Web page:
Is video proof that aliens hate the Taliban?
By CHRIS CARROLL | STARS AND STRIPES Published: May 9, 2014
While a column of troops in armored vehicles stay back, a mysterious triangular aircraft hovers in the distance. Suddenly, flashes appear from its lower fuselage and massive explosions just below engulf the craft in a plume of debris.
“That was f****g badass!” an enthusiastic servicemember shouts in the aftermath.
Another day in Afghanistan … another top secret American drone taking out a Taliban position.
Or maybe not. Although the YouTube video entitled “UFO ATTACKS TALIBAN CAMP!!! March 2014” has spread across the Internet in the last few days, a former bomber pilot and an expert on U.S. drone operations both told Stars and Stripes it’s a clear hoax.
“The video is pretty funny,” said Samuel J. Brannen, a senior fellow at the Center for Strategic and International Studies who specializes in drones and other unmanned military systems.
For one thing, the purported aircraft is far too close to the target, putting it in danger both from ground fire and from the blast of its weapons.
“I can’t think of a pilot I know who would want to be that close to the target once they dropped ordnance,” he said. “Unless it is both unmanned and you really don’t care about what happens to it, why be that close?”
Jordan Thomas, a B-1 bomber pilot who retired from the Air Force as a colonel early this year, pointed out a mismatch between the apparent gunshots from the craft and the effect on the ground.
“The ‘flashes of light’ from the craft do not seem congruent with the magnitude and directions of the explosions,” Thomas, now a non-resident fellow at the Mitchell Institute for Aerospace Studies, said in an email to Stars and Stripes. “The explosions appear more likely to be caused by a series of Joint Direct Attack Munitions (JDAM) going from left to right rather than being the result of the flashes from the craft going from right to left.”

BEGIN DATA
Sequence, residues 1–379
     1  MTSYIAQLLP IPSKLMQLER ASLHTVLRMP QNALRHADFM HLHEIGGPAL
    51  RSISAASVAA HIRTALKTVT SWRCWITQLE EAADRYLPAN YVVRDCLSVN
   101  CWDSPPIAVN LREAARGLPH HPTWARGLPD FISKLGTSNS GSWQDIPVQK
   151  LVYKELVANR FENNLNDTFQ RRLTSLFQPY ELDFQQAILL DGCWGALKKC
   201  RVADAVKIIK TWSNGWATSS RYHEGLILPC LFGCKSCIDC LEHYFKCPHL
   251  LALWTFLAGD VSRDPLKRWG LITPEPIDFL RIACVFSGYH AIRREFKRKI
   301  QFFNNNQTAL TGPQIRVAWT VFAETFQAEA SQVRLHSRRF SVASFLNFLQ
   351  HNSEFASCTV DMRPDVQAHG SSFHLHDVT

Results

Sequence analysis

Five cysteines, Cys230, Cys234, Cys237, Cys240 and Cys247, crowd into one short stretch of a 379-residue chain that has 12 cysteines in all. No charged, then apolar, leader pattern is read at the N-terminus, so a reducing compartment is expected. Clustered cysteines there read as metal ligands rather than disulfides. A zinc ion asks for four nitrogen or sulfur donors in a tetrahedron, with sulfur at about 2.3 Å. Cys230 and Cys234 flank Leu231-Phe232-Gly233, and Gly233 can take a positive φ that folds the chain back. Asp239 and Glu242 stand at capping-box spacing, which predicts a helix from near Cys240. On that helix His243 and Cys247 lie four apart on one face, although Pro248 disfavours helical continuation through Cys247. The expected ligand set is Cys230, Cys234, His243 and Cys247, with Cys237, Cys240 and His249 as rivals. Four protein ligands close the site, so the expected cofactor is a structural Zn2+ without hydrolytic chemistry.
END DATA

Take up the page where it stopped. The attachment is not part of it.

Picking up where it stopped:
Thomas pointed to another video on YouTube, noting a seemingly identical column of vehicles and explosion, if reversed.
Brannen said in the video, the aircraft itself appears fuzzy and jumps around in the frame, while the rest of the video appears fairly sharp and in focus, he said.
“I just don’t think the physics of it work very well,” he said.
What the video likely shows, he said, is a real airstrike from America’s recent wars, with a crude computer-generated addition.
“It could have been a B-1 far overhead, it could have been a B-52, it could have been coming from an AC-130,” he said. “It could have been all kinds of things. Minus the strange flying UAV, the effect that [airstrike] created on the battlefield is real.”
The Pentagon Itself has declined to comment on the veracity of the video.
The final nail in the coffin of the video, however, is another Youtube video that Thomas said his wife unearthed.
It’s the same footage used in the purported UFO video, except it hasn’t been flipped horizontally. The same series of explosions occurs, but there’s no hovering UFO.
“There’s nothing I know of that can do anything like what’s shown in that video,” he said.